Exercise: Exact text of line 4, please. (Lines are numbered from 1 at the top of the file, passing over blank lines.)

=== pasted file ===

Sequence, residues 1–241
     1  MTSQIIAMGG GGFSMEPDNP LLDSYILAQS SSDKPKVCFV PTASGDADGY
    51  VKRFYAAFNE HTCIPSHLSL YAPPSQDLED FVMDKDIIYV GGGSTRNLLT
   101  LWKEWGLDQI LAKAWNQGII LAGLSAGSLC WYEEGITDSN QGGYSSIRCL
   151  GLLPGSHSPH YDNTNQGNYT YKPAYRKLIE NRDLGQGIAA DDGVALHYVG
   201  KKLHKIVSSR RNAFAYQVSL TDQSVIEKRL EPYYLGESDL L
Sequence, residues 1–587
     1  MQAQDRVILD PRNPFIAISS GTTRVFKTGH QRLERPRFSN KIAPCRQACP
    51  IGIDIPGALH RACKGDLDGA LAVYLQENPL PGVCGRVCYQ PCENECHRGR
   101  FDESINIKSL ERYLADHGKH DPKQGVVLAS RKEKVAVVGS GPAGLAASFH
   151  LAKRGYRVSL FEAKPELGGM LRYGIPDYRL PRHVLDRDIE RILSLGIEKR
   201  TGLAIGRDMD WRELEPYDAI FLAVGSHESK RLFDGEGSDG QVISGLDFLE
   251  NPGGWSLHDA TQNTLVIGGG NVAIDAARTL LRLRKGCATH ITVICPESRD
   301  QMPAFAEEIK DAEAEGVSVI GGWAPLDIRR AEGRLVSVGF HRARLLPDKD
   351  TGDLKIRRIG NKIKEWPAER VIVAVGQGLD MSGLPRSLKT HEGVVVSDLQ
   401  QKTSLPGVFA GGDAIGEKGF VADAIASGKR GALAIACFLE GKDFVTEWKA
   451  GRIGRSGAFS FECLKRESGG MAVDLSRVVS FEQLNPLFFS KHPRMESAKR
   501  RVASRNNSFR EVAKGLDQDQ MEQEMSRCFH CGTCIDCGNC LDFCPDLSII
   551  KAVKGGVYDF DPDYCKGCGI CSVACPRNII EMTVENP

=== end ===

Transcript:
   101  LWKEWGLDQI LAKAWNQGII LAGLSAGSLC WYEEGITDSN QGGYSSIRCL